Twelve multiplayer modes will ship with Advanced Warfare, including Team Deathmatch, Domination, Kill Confirmed, CTF and Search and Destroy. Hardpoint’s coming back, as is War (although this time it’s going to be called Momentum). A brand new mode, named Uplink, pits two teams against each other in a battle to control a satellite. It’s like space handball. You grab it, throw it to teammates and lob it into a glowing vortex. We had a good go on it after the presentation, and it’s surprisingly fun.
The maps buzz Day-Glo and provide opportunities for both flyers and those who prefer to keep their feet on the ground. As ever, they’re a mix of channels, open spaces and bottlenecks, but the inclusion of the exo means you’re going to have to look up as well as across.
The comparison to Titanfall is obvious, but Condrey brushes the question away with a flawless answer I’m sure he’s delivering dozens of times before.
“Hey look. We’re entertainers and game-makers first and foremost. If you want the PR answer, you can ask the PR guy.
“What I can tell you is this. It was three years ago that we started on this right after the end of E3, with a real push to innovate. And I find it fascinating how the zeitgeist of technology has really taken hold across pop culture. Think about Elysium, Oblivion and Edge of Tomorrow, three blockbuster movies. They all came out within a year of each other and they were all based off the exo. At the same time, that’s the core of our game.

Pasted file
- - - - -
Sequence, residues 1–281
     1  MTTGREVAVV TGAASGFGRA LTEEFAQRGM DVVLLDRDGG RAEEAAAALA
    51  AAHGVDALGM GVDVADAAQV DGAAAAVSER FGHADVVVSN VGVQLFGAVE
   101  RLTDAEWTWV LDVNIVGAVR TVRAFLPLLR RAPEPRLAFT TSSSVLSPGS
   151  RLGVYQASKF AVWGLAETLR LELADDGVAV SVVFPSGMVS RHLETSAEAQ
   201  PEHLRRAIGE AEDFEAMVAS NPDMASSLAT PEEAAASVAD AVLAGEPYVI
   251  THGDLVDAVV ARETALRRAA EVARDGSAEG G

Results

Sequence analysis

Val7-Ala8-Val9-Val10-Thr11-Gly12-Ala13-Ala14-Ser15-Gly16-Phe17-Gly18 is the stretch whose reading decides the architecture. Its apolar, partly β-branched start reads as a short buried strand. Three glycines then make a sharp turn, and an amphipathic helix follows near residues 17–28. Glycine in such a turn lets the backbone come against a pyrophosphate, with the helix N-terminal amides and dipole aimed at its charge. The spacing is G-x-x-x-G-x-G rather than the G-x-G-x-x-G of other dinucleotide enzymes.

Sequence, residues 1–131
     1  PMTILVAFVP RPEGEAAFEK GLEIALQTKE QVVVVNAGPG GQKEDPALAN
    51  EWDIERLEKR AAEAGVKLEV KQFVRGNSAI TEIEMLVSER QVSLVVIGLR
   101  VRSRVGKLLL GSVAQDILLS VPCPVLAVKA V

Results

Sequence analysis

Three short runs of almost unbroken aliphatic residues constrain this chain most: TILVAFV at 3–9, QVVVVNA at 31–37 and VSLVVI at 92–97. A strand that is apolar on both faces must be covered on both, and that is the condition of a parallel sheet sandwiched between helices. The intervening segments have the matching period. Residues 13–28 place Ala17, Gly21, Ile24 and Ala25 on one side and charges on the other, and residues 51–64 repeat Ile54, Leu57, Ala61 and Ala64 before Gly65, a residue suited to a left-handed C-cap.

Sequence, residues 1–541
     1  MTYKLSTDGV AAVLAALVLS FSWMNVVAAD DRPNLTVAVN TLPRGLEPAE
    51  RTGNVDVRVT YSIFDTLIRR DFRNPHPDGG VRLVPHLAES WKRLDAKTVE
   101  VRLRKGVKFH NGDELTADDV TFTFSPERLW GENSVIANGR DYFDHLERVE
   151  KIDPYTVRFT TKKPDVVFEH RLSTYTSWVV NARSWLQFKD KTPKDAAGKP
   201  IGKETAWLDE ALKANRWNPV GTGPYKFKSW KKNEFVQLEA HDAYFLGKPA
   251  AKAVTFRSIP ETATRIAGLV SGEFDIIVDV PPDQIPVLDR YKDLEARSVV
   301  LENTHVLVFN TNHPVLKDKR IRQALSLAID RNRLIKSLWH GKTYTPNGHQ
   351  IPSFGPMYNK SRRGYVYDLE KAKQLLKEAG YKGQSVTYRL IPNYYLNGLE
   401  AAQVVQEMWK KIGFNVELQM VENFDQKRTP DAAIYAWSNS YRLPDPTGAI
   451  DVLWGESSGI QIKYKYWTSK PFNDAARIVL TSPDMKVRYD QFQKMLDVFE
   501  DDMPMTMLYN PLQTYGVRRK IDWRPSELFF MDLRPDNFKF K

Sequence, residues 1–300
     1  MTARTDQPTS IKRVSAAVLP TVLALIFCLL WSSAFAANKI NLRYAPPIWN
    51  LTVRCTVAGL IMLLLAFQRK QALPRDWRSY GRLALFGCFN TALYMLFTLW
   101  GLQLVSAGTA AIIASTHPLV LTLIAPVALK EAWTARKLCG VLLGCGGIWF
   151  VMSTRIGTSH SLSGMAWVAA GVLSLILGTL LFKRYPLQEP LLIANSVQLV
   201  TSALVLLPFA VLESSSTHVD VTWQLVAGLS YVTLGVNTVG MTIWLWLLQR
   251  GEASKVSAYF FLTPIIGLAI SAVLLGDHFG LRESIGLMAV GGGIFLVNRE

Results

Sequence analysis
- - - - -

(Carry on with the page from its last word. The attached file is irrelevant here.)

“I can’t quite tell if it’s coincidence, or entertainment mirroring life, or life imitating art or what, but there’s a lot of interest right now on what all these great technologies are bringing, and for us the exo was the catalyst for boost jump and everything it brings to the franchise.”
Don’t worry about whether or not it’s like Titanfall. It’s easily different enough to stand alone. We were with Advanced Warfare for four hours today, and we dropped effortlessly into fiddling between bouts, trying on new glasses and helmets, changing boring grey gloves for lime-green gauntlets, swapping out exo designs. It’s a new Call of Duty, a bright game with crazy guns and a badly needed injection of pure fun, a nonsense blaster as far removed from Ghosts as it’s possible to be while staying within the same universe.
We liked it. We liked it a lot.
Call of Duty: Advanced Warfare will release on November 4 for Xbox One, PS4, PC, Xbox 360 and PS3.